No More Stringent Than
UPDATE: Governor Pence, for the first time in his tenure as Governor, vetoed an anti-environmental bill. This bill, HB 1082 — the most damaging of all anti-environmental legislation introduced this session — would have made it much more difficult for Indiana’s taxpayer-funded environmental experts to do their job. Our appreciation for the 20 statewide and regional organizations that stood united in opposing this bill. Thank you for being an active citizen and for bettering our state this last legislative session!
Indiana’s air and water quality has, in general, improved over time, but we can’t get complacent. We only need to be reminded by what happened in our country in the last few years: the worst in-land oil spill in US history (the Michigan tar sands spill of 2010), the pollution of drinking water for 300,000 Americans due to a chemical storage leak (in West Virginia during 2014), and the largest ever pollution spill on US soil – the tragic billion gallon coal ash contamination of the Emory River in Tennessee in 2008.
HB 1082 “The No More Stringent than Bill”: A Major Threat to Indiana Environmental Protection
In a time when our country still faces major environmental risks, HB 1082 moves Indiana in a backwards direction. It would make it illegal for Indiana’s Executive Branch to pass policies that are tighter for public health than what the U.S. EPA does, for those situations where the EPA has set standards. HB 1082 is also called the “No More Stringent Than Bill”.
Why is HB 1082 a Really Big Problem?
Some people have the view that EPA is too aggressive and tries to tackle every environmental problem out there. While the EPA has acted decisively to protect our air quality, there are many areas where the EPA has been, candidly, weak. The EPA has not adequately protected the public from such serious environmental problems as pollution from fracking, factory farm manure pits, and outdoor wood boilers.
But since the EPA has not adequately acted to address those problems above, HB 1082 would bar Indiana’s environmental agency, IDEM, from doing anything stronger to protect the public health.
Big Problems with the Original, House-Filed HB 1082
1. Increases Risks to Public Health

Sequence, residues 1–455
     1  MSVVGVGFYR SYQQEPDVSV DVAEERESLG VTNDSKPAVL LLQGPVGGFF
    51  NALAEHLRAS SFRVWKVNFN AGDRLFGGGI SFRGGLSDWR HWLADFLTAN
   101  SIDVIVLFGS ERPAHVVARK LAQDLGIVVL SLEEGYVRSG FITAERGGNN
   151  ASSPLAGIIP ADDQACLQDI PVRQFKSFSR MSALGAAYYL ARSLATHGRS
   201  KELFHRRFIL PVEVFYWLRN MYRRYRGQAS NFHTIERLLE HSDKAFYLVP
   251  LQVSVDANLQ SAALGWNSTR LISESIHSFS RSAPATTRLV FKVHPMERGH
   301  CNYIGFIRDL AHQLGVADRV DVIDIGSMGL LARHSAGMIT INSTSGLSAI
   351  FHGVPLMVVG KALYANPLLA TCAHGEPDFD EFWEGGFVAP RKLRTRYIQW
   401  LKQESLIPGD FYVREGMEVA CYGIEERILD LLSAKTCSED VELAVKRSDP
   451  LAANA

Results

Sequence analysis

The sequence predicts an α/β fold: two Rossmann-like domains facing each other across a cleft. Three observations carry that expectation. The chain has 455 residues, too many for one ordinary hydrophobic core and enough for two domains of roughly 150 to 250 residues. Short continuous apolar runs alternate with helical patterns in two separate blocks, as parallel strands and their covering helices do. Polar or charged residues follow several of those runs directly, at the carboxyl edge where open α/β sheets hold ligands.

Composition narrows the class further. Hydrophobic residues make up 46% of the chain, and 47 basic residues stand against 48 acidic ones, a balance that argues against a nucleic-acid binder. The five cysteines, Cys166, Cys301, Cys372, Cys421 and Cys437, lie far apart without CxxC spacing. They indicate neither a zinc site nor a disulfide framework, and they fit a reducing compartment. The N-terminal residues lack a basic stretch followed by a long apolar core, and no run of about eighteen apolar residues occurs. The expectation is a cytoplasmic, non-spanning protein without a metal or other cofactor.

By stripping away the ability of Indiana’s environmental agency (IDEM) to deal with issues where the EPA has acted inadequately, it makes Indiana vulnerable to not serving its citizens in a timely manner, since the legislature is out of session 75% of the year.
2. Could Paralyze Indiana’s Environmental Agency from Implementing State Plans
Indiana is granted considerable responsibility by the US Environmental Protection Agency to implement air and water quality plans as well as clean-up programs. The language of HB 1082 could paralyze IDEM in implementing such plans & programs — for fear that the agency would be sued.
3. Ignores Existing Strong Safeguards against Regulatory Abuse
Indiana’s existing laws already ensure that Indiana does not act irresponsibly in enacting new environmental protection safeguards. These existing laws prevent Indiana regulations from hurting the Indiana economy; read our legislative memo describing existing checks and balances in Indiana law that make this bill unnecessary. The broader safeguard to Indiana’s economy is that the Indiana legislature can always repeal or modify regulations that the legislature thinks are unhealthy for Indiana’s economy.
4. It Weakens State’s Rights
Hoosiers pride themselves on making their own decisions. HB 1082 would put Indiana in the odd and unusual situation where Indiana would be voluntarily giving up the ability to keep decisions in the hands of the state and likely put more power in the hands of federal government.
A Comment on the Flint Crisis and HB 1082
The situation in Flint demonstrates the gaps that exist in federal regulation that Indiana could address if we do not adopt HB 1082 as law: The bill’s author, Representative Wolkins, correctly pointed out that there were violations of federal drinking water regulations in Flint. However, close examination of those regulations brings to light gaps that could allow the Flint situation to happen again. For example, under federal regulation, drinking water systems can continue to deliver lead-tainted water to households and businesses for up to 24 months while a variety of fixes are attempted.
Update, February 26, 2016
Despite immense opposition by health, medical, environmental, faith, and consumer groups, the anti-environmental HB 1082 passed 64-33 in the Indiana House on February 2nd. On February 22, 2016, the Senate Environmental Affairs Committee stripped out the original, intensely controversial language, and replaced it with reporting requirements; this version of the bill is one that HEC praised, as reflecting prudence. The bill was then amended again on February 25th; HEC opposed this version of the bill, as seen in our memo here.
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